The Employee Benefits Institute of America (EBIA) reports that the employee had knee surgery a few days after his employer laid him off, but he was assured by his employer that his health coverage would remain for the surgery and that the employer would pay for the first two months of COBRA coverage.
After the surgery, however, the employee learned that his health coverage had been dropped prior to surgery, according to EBIA. Though the employer had deducted premiums for health insurance from the employee’s pay, it had not forwarded the premiums to the insurance company. Furthermore, the employer had made no arrangements for COBRA coverage.
The employee filed a lawsuit that was not responded to by the named defendants. The court entered judgment against the defendants, finding that the employer’s conduct was “at best incompetent and at worst fraudulent.”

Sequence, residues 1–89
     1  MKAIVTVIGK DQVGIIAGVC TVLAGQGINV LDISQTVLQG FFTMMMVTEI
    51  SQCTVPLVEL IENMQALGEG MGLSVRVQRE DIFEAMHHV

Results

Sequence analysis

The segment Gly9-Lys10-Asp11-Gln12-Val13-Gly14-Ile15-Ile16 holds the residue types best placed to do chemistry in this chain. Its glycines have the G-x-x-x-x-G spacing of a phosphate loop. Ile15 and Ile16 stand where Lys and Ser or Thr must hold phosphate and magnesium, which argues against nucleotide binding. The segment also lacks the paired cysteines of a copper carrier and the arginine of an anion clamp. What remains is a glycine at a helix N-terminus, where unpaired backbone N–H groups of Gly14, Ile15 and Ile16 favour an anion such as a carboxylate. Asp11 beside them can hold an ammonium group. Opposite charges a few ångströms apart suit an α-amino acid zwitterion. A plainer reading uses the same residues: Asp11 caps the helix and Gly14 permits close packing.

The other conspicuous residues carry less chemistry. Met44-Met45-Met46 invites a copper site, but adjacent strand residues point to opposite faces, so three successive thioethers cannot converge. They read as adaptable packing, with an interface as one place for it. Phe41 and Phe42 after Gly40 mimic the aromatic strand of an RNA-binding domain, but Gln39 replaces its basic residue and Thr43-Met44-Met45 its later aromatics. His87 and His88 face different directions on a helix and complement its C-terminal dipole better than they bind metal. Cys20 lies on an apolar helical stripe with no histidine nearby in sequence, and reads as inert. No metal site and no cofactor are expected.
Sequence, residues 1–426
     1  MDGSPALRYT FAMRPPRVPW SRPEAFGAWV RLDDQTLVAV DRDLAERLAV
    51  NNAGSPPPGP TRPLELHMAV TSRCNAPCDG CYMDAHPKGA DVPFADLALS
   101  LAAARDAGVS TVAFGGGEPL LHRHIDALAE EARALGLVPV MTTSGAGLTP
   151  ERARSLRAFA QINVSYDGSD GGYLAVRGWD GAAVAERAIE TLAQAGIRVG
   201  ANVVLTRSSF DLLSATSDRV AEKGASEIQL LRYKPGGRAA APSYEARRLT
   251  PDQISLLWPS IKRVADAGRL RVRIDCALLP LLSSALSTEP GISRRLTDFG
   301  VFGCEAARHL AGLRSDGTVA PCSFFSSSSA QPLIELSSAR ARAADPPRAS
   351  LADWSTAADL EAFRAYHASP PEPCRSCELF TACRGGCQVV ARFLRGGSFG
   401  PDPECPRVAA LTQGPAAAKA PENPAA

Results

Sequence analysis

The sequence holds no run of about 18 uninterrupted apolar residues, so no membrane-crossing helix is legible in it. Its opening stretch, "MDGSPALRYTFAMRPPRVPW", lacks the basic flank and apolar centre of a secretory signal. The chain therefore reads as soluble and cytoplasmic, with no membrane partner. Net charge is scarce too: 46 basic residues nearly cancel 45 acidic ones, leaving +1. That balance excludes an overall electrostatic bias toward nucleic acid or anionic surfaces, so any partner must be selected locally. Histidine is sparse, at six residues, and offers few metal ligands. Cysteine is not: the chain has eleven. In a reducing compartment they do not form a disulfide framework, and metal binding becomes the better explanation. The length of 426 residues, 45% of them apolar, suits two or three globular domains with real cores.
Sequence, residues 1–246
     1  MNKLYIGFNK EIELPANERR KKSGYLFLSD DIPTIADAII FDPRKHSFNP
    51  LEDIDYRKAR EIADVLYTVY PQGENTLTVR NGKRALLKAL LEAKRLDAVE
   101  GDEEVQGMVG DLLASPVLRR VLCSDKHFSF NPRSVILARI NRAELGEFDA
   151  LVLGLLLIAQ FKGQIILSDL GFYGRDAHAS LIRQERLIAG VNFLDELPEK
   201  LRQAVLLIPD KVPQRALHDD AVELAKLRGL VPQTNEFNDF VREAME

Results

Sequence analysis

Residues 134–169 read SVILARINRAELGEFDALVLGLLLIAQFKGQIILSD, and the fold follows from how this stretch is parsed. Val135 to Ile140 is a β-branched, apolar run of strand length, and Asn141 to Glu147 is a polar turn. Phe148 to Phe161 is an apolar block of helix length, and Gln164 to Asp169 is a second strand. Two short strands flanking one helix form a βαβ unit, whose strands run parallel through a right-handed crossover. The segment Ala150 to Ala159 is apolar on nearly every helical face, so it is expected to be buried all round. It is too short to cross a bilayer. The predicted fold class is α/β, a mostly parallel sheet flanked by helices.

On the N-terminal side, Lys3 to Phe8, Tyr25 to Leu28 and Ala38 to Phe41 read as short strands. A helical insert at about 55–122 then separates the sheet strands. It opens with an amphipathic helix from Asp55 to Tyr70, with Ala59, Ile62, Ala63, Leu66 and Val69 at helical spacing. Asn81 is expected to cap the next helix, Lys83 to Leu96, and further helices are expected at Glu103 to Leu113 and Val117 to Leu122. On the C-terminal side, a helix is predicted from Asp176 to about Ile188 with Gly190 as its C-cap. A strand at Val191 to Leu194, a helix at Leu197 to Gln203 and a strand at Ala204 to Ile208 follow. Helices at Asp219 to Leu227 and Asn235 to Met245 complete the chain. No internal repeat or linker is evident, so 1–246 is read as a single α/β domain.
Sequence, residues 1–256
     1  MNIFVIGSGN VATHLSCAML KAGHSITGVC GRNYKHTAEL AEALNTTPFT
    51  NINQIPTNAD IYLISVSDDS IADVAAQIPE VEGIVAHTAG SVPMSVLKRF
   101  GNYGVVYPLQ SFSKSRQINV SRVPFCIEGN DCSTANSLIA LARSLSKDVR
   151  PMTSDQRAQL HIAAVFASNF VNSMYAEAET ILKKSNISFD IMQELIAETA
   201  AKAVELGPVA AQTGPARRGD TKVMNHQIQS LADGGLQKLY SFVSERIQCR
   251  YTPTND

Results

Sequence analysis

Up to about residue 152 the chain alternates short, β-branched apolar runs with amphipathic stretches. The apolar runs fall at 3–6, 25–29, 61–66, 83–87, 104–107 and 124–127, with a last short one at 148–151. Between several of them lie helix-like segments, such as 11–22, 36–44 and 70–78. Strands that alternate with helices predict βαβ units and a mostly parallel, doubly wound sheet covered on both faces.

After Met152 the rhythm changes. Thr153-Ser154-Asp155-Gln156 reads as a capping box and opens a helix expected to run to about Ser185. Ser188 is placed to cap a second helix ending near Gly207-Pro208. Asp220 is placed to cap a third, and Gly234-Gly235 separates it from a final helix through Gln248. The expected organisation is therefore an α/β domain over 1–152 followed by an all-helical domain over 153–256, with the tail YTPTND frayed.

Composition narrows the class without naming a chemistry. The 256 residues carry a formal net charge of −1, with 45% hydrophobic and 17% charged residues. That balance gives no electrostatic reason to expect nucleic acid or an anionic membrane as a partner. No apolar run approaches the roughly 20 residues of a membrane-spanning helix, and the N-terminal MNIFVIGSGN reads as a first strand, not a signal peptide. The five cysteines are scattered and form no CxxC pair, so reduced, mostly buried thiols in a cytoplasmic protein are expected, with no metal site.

The court awarded the employee’s medical expenses for the knee surgery, which totaled $12,999, and also granted the employee’s request of $16,909.50 in attorneys fees and court costs. The court said it hoped the award would act as a deterrant to other employers from not delivering on health coverage promised. In addition, the court awarded the maximum statuatory penalty of $110 for 826 days, totalling $90,860, for failure to disclose to the employee of his rights under COBRA.
The case is Shephard v. O’Quinn, US District Court LEXIS 24252 (E.D. Tenn. 2006).
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